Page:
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Does Prostate Cancer Screening Reduce Mortality Rates?
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Am Fam Physician. 2006 Sep 1;74(5):844-845.
Projections are that adenocarcinoma of the prostate gland will become the most common cancer affecting American men and the second leading cause of cancer deaths in this population. There are two common screening tests for prostate cancer: the serum prostate-specific antigen (PSA) and the digital rectal examination (DRE). Recommendations for the use of these screening techniques vary. The American Cancer Society and the American Urological Association recommend screening men older than 50 years using DRE and PSA. The American College of Physicians recommends that physicians counsel patients on the risks versus benefits of the screening methods. The U.S. Preventive Services Task Force (USPSTF) found insufficient evidence to recommend either method. The rationale behind some of these recommendations is that, although these screening methods detect prostate cancer, little evidence shows that this detection reduces mortality rates. Concato and associates assessed the effectiveness of PSA with or without DRE in reducing mortality rates associated with prostate cancer.
The nested case-control analysis included men 50 years or older who received outpatient care from 10 Veterans Affairs medical centers between 1989 and 1990. Patients were included in the study if they were diagnosed with adenocarcinoma of the prostate from 1991 to 1995 and died during the follow-up period (from diagnosis to 1999). Control participants were selected from the remaining study patients and were matched with case participants based on age and treatment location. Medical records of patients in both groups were reviewed to identify patients who had been screened with PSA with or without DRE. Mortality was established using a Veterans Affairs database, and the data were adjusted for race and comorbidities.
Of 71,661 patients who met the inclusion criteria, 1,425 were diagnosed with prostate cancer, and 501 died during the study. The primary evaluation of all-cause mortality showed no benefit from PSA screening (adjusted odds ratio [OR] = 1.08; 95% confidence interval [CI], 0.71 to 1.64; P = .72). The secondary evaluation of cause-specific mortality (136 of the 501 patients with prostate cancer died because of the disease) showed no benefit from PSA screening with or without DRE (adjusted OR = 1.13; 95% CI, 0.63 to 2.06; P = .68). Black race was a predictor of cause-specific mortality, but the number of patients evaluated was small (n = 15).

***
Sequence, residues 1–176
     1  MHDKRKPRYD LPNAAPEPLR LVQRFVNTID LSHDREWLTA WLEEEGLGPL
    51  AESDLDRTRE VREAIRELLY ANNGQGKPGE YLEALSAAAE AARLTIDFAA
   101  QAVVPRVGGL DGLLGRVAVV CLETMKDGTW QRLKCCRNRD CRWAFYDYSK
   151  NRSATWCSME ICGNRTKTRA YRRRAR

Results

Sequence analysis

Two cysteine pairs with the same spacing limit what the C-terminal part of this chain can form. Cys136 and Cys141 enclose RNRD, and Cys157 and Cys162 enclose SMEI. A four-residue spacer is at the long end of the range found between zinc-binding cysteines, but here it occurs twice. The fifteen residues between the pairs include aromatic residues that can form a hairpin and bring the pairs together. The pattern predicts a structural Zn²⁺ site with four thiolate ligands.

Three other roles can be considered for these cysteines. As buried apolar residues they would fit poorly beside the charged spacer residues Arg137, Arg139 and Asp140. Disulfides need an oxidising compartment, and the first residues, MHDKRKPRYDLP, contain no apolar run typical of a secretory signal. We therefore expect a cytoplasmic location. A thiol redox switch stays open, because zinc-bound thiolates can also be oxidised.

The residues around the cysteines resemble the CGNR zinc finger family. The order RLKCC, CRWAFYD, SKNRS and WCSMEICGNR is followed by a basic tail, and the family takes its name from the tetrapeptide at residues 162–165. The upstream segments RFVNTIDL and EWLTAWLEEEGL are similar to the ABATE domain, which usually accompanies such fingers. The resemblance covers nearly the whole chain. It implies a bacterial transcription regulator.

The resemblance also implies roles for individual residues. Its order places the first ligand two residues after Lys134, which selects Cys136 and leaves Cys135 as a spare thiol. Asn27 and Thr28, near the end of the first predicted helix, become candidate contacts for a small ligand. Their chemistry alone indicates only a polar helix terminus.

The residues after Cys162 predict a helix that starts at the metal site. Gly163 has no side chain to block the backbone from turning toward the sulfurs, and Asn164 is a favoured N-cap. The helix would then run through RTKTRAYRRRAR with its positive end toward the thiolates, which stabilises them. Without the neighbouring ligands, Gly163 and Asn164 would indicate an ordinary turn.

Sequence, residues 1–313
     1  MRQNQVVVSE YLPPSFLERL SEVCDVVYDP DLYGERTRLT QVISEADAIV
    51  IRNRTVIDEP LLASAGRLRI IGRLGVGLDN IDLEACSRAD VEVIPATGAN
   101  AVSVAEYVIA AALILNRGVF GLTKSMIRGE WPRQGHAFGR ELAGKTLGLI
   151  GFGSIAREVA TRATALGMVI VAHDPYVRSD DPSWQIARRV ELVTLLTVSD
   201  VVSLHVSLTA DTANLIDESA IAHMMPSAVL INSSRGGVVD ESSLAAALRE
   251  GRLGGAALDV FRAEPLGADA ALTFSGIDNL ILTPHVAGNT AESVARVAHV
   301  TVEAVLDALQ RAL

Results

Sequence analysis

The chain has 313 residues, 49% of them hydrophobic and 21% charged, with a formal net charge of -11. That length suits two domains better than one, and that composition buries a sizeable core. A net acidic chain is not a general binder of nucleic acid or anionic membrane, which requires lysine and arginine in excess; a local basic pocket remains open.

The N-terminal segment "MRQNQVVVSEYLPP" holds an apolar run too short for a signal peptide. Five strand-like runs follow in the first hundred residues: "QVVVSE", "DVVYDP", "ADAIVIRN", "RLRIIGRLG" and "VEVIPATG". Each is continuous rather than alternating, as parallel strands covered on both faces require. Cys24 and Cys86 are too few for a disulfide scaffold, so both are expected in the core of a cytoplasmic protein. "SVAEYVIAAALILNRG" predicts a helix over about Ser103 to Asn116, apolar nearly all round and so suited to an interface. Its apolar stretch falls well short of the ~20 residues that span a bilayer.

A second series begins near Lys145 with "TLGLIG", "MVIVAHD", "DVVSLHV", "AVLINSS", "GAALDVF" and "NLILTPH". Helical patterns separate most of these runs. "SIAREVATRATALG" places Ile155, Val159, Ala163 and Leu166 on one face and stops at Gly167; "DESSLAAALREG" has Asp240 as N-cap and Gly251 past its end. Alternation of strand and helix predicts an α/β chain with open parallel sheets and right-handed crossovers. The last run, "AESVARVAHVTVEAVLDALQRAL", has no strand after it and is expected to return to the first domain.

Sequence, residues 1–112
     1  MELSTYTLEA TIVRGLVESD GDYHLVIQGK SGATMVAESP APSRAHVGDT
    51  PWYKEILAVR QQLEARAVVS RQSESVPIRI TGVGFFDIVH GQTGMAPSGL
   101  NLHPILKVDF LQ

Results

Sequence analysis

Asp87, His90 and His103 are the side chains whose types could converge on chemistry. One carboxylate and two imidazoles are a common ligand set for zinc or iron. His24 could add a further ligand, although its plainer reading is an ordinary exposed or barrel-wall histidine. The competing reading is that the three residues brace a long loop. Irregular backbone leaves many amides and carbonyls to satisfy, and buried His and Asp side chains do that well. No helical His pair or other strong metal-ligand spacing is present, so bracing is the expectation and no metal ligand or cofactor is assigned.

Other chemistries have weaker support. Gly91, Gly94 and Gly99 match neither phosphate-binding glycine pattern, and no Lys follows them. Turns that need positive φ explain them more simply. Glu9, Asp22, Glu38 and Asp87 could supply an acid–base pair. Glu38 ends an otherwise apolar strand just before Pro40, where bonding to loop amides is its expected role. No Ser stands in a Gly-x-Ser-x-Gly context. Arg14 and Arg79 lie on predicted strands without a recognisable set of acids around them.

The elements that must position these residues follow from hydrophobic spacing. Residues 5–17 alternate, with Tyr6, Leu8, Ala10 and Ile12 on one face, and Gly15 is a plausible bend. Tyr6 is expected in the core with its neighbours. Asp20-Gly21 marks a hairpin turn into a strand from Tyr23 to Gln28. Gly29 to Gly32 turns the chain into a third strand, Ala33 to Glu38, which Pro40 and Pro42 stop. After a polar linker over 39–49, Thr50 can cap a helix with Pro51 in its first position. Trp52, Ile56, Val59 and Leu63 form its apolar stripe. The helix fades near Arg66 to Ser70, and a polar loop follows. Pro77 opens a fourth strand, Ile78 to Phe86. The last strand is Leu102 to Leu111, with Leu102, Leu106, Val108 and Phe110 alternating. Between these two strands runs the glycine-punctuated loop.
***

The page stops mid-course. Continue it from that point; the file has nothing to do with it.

The authors conclude that screening with PSA with or without DRE does not appear to effectively reduce mortality rates. The authors support recommendations that physicians counsel men on risks and benefits so that asymptomatic patients receive screening only after giving informed consent.
Concato J, et al. The effectiveness of screening for prostate cancer. A nested case-control study. Arch Intern Med. January 9, 2006;166:38–43.
editor’s note: The most important factor when considering a screening test is whether the benefits of the test outweigh its risks. Historically, multiple studies have shown that potentially beneficial screening tests for detecting early prostate cancer had little or no impact on health outcomes. Therefore, the USPSTF’s guideline on prostate cancer screening, published in 2002, states that there is insufficient evidence to recommend for or against DRE and PSA screening.1 The guideline notes that there is good evidence PSA screening can detect early-stage prostate cancer, but there is mixed and inconclusive evidence that this detection improves outcomes.1 An editorial2 concerning the study by Concato and colleagues points out that a Canadian study3 showed a more positive outcome with PSA screening.
Each study had strengths and weaknesses; therefore, physicians are still faced with the same question: does screening for prostate cancer improve outcomes? The editorial2 says both studies suggested that randomized controlled trials are needed to answer this question. Two are underway; however, the results will not be available until 2009. Until then, physicians should continue to provide men with information about the risks and benefits of screening for prostate cancer, allowing patients to give informed consent before undergoing the tests.—K.E.M.
1. Harris R, Lohr KN. Screening for prostate cancer: an update of the evidence for the U.S. Preventive Services Task Force. Ann Intern Med. 2002;137:917–29.
2. Barry MJ. The PSA conundrum. Arch Intern Med. 2006;166:7–8.
3. Kopec JA, Goel V, Bunting PS, Neuman J, Sayre EC, Warde P, et al. Screening with prostate specific antigen and metastatic prostate cancer risk: a population based case-control study. J Urol. 2005;174:495–9.
Copyright © 2006 by the American Academy of Family Physicians.
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